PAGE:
As we prepare land for fumigation and planting of new peach orchards we need to talk about nematodes. Often times in agriculture we have areas of a field or an orchard that do not perform as well as the surrounding land. This could be due to poor drainage, different soil types or other factors that are easily explained. There are however some areas where we do not have a good idea of what is causing poor crop performance. These areas may be suffering due to nematodes.
Nematodes are thread-like microscopic worms that live in all habitats especially soil and water. Most species are beneficial but some are harmful parasites of plants and animals. The nematodes of most concern in peach are the ring and root knot and root lesion nematodes. These nematodes cause poor performance and can predispose trees to other problems. Nematodes are usually more problematic on our sandier sites. So as we move into the heavier soils of the Piedmont and Upper Coastal Plain we see fewer problems.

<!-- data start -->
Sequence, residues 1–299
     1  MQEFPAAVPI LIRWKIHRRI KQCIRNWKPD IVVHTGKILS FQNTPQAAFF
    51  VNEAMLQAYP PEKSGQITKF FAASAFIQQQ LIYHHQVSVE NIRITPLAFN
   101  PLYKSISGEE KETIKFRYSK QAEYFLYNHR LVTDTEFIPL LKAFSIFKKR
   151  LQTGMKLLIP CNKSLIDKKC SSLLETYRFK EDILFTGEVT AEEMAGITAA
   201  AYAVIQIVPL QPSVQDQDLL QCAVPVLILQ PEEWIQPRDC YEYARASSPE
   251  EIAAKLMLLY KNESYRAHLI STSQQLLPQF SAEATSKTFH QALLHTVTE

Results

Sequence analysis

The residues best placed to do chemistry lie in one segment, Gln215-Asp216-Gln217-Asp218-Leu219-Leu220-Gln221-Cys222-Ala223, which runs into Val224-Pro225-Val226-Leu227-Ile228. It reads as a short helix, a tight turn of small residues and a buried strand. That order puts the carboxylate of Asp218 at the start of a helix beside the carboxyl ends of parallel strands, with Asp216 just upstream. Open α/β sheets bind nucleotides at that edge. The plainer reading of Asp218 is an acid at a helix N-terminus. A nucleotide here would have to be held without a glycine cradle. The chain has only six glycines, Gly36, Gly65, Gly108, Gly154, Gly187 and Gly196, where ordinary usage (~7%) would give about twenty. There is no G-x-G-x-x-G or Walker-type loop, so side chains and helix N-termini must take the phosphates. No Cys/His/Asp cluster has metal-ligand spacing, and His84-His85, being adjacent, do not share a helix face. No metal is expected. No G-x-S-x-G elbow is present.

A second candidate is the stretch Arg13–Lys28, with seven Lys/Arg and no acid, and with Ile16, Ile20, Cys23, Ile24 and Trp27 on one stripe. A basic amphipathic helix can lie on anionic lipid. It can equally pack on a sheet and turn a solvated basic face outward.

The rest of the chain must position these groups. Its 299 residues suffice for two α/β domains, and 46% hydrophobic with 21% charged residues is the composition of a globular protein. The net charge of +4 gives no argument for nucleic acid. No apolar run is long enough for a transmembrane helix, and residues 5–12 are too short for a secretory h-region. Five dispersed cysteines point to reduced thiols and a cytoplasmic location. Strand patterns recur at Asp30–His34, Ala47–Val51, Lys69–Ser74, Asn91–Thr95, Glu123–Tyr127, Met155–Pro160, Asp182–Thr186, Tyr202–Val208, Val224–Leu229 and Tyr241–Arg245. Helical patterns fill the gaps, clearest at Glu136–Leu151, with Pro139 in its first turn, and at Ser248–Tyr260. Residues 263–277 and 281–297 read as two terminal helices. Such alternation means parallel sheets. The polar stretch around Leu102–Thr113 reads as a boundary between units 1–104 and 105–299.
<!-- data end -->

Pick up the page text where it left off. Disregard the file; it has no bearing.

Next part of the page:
Taking a nematode sample prior to planting can help determine if fumigation of the site would be beneficial. Two samples should be taken to best determine parasitic nematode levels, especially if the site is an existing orchard that will be removed and replanted. The first sample should be taken in late winter to early spring (Feb. – Apr.). This sample is primarily for ring nematode, which should be at their highest levels then. The second sample is taken in early fall (Sept. – Oct.) for root lesion and root-knot nematodes.
Nematode sampling prior to replanting an orchard can help determine if fumigation is necessary. Sampling existing orchards can help explain problem areas in an orchard, and the results can be used when scheduling pruning and planning use of the land when the current orchard is removed.